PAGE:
DBT Skill: Participate

According to Marsha Linehan, mindfulness is related to the quality of awareness and presence that a person brings to everyday living. She says, “It’s a way of living awake, with eyes wide open. As a set of skills, mindfulness practice is the intentional process of observing, describing, and participating in reality, nonjudgmentally, in the moment, and with effectiveness”.

One of the DBT mindfulness skills is Participate. The skill of Participate is more than, say, raising our hand in class or being active in a conversation. It is the practice of throwing ourselves fully into whatever it is we are doing. When we are participating, we are actually not thinking about ourselves and we are not separate from what we are doing. We are completely absorbed solely in our activity.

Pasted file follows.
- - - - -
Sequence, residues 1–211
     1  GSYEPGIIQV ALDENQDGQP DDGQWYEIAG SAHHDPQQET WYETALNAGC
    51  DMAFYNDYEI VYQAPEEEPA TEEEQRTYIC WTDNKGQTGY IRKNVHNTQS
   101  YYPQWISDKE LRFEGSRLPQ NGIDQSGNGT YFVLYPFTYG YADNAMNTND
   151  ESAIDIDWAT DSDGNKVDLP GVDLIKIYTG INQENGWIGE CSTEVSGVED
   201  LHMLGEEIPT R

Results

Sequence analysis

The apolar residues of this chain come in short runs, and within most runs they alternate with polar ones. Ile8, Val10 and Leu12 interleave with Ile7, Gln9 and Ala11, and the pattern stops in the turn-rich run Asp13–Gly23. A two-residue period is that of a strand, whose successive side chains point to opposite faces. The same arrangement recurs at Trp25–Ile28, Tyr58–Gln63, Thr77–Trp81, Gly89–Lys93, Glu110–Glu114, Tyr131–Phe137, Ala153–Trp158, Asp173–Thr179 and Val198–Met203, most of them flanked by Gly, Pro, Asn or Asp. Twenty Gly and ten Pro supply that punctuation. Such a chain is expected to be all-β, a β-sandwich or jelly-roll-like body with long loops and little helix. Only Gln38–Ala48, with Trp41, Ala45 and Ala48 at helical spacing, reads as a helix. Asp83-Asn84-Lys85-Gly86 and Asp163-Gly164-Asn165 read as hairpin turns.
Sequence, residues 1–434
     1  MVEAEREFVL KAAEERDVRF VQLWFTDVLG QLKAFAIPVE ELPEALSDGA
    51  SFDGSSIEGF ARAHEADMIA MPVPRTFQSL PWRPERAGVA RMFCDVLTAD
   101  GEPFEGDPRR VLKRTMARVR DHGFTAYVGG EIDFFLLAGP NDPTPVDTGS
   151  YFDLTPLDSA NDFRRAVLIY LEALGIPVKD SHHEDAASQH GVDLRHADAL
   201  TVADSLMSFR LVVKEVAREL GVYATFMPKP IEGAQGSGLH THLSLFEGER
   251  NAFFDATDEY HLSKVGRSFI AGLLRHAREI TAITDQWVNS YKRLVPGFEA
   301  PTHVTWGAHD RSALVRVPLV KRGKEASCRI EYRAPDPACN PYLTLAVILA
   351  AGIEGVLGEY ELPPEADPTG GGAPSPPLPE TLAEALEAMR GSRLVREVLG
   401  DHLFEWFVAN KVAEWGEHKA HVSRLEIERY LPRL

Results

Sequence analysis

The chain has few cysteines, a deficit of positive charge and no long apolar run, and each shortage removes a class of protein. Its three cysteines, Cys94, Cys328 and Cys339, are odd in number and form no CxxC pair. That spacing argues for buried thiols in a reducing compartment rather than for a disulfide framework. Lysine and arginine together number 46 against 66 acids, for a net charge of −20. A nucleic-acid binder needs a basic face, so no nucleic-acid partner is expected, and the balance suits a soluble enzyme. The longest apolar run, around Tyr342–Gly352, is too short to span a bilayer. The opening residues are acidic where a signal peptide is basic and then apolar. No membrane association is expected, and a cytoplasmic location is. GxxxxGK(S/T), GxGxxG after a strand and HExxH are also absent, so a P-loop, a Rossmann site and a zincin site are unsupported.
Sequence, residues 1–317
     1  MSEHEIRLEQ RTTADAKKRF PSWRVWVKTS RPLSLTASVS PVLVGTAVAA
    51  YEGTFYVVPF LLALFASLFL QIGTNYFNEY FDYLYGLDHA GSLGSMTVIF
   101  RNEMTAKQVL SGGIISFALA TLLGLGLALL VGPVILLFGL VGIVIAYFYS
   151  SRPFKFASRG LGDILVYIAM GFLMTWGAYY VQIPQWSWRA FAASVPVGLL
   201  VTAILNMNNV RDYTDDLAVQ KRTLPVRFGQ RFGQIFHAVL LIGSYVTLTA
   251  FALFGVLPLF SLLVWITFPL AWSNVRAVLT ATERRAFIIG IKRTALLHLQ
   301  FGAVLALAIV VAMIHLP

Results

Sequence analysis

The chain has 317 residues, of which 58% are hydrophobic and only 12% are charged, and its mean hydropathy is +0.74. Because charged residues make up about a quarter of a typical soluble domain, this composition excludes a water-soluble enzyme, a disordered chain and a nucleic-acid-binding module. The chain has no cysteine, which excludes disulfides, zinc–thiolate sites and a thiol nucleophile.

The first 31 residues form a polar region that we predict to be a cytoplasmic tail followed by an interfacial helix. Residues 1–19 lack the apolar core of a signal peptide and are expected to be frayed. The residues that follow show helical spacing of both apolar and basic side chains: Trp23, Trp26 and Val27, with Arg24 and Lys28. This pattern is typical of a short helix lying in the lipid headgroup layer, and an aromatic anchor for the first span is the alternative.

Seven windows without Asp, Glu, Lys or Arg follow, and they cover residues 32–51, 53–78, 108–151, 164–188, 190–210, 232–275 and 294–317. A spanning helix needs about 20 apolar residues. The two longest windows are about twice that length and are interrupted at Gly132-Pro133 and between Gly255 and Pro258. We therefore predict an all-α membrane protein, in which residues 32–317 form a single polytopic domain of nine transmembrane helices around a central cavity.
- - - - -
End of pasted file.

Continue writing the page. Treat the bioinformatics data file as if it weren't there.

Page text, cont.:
We all have the ability to practice participating fully in our lives. We all have moments when we are so caught up in what we are doing that we  ‘become what we are doing’. It may be when we are reading a novel, conversing with friends, painting or playing our favorite sport, to name a few examples.. If we are enjoying a game of soccer with our friends and start thinking about our grocery list, we are likely to miss a shot. When we are participating, we are completely and unselfconsciously focused on the ball, our teammates, and the goal.

Here are some ways to practice the skill of Participate:

  • Immerse yourself in each moment as it arises – When you are reading read, when you are playing tennis, play it fully.
  • Throw yourself fully into your daily activities – When you are at the grocery store, be there fully, smile at the grocery store clerk, notice everything. When you are playing with your children, play with your full attention. 
  • Go with the flow of the activity – Don’t separate yourself from whatever you are doing, engage in it fully in every conversation and every interaction you have to the best of your ability. Enjoy the flow.
  • Don’t separate yourself from your experiences, enter into them completely. If it’s raining, go play in the rain. 


Written By: Keren L Clark, LMFT

Photo Credit: Via Unsplash

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